bystander wrote:A Slice of Sagittarius
ESA Hubble Picture of the Week | 2017 Jan 16[img3="Credit: ESA/Hubble & NASA"]https://cdn.spacetelescope.org/archives ... w1703a.jpg[/img3][hr][/hr]This stunning image, captured by the NASA/ESA Hubble Space Telescope’s Advanced Camera for Surveys (ACS), shows part of the sky in the constellation of Sagittarius (The Archer). The region is rendered in exquisite detail — deep red and bright blue stars are scattered across the frame, set against a background of thousands of more distant stars and galaxies. Two features are particularly striking: the colours of the stars, and the dramatic crosses that burst from the centres of the brightest bodies.
While some of the colours in this frame have been enhanced and tweaked during the process of creating the image from the observational data, different stars do indeed glow in different colours. Stars differ in colour according to their surface temperature: very hot stars are blue or white, while cooler stars are redder. They may be cooler because they are smaller, or because they are very old and have entered the red giant phase, when an old star expands and cools dramatically as its core collapses.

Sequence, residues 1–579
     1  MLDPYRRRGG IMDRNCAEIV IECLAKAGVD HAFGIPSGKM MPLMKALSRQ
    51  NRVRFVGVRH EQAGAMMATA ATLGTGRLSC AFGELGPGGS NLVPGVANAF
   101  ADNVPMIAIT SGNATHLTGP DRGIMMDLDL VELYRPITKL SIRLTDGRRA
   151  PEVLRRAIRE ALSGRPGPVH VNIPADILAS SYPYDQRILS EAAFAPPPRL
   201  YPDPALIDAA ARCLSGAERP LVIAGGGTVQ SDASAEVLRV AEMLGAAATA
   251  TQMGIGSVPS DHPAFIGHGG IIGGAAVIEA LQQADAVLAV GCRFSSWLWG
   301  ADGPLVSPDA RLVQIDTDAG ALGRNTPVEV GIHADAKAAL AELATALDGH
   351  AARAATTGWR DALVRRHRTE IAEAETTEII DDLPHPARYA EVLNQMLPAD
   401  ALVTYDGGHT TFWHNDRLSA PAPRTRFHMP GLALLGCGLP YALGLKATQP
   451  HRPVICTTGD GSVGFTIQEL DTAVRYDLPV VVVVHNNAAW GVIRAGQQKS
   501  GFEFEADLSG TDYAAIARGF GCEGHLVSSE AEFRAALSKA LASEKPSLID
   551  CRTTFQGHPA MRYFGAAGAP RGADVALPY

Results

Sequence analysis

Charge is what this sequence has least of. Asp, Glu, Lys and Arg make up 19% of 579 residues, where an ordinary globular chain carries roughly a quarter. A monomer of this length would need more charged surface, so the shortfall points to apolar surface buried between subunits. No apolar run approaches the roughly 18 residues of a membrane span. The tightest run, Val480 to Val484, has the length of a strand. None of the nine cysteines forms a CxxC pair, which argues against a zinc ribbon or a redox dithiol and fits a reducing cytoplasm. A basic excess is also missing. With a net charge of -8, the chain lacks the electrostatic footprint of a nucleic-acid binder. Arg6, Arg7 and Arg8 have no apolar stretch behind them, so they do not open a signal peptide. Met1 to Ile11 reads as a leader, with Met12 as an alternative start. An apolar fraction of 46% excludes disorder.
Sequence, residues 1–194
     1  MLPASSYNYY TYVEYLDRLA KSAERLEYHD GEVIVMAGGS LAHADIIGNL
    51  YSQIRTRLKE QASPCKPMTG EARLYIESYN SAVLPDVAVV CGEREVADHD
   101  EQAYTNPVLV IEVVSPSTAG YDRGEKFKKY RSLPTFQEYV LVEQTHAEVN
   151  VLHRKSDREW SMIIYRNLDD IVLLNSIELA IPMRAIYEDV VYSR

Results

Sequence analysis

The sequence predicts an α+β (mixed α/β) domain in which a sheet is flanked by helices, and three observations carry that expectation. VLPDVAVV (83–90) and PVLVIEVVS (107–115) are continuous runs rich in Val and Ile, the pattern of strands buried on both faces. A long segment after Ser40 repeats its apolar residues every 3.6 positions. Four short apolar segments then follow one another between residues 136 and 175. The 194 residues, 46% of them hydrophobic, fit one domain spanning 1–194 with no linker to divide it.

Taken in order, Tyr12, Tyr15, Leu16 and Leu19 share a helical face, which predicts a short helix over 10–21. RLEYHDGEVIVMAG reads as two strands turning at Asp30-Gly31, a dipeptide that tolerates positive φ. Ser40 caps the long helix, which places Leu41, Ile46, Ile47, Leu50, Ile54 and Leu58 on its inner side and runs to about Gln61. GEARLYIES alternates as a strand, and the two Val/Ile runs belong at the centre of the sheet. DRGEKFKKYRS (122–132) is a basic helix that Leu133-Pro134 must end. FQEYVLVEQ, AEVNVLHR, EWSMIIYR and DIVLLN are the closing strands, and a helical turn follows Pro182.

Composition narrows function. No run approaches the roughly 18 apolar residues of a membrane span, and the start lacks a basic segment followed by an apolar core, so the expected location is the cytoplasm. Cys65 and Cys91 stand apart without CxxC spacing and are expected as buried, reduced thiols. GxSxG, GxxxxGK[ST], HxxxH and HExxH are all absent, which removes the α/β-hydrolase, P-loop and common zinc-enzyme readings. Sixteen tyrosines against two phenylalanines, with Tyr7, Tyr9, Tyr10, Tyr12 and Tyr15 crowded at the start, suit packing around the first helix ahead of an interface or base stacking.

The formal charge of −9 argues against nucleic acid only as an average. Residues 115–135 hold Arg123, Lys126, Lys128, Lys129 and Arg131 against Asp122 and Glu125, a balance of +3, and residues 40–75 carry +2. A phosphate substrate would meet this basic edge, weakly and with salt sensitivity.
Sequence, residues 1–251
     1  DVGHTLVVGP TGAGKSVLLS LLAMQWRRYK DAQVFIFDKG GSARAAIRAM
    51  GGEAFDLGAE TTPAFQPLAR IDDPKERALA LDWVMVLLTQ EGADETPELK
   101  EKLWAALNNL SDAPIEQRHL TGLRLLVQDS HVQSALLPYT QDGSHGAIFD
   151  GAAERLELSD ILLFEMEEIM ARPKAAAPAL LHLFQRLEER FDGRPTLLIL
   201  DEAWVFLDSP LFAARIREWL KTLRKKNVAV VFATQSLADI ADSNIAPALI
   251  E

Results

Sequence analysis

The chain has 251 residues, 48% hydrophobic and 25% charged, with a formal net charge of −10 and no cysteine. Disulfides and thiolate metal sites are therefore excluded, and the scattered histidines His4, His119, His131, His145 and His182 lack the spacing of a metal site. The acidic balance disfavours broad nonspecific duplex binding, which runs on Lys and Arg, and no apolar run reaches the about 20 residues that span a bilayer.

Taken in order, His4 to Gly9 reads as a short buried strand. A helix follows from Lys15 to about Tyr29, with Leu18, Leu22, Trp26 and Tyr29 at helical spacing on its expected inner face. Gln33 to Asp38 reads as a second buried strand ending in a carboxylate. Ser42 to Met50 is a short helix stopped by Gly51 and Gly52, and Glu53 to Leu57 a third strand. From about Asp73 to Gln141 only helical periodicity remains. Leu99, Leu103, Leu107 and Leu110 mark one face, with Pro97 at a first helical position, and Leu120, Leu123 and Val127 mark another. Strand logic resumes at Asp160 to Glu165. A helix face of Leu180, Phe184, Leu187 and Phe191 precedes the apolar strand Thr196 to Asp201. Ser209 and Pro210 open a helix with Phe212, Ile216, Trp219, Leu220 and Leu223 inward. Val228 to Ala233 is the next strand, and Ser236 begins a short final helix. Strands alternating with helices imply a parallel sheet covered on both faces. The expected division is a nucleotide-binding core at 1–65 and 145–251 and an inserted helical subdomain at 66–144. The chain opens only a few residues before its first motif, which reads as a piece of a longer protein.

The crosses are nothing to do with the stars themselves, and, because Hubble orbits above Earth’s atmosphere, nor are they due to any kind of atmospheric disturbance. They are actually known as diffraction spikes, and are caused by the structure of the telescope itself. Like all big modern telescopes, Hubble uses mirrors to capture light and form images. Its secondary mirror is supported by struts, called telescope spiders, arranged in a cross formation, and they diffract the incoming light. Diffraction is the slight bending of light as it passes near the edge of an object. Every cross in this image is due to a single set of struts within Hubble itself! Whilst the spikes are technically an inaccuracy, many astrophotographers choose to emphasise and celebrate them as a beautiful feature of their images.
I've got a version of that Sagittarius picture if interested. They cut it in half because there is some unspoken rule about never filling the chip gap with anything but real data, but I have no qualms with it as long as I mention that I did so in the description...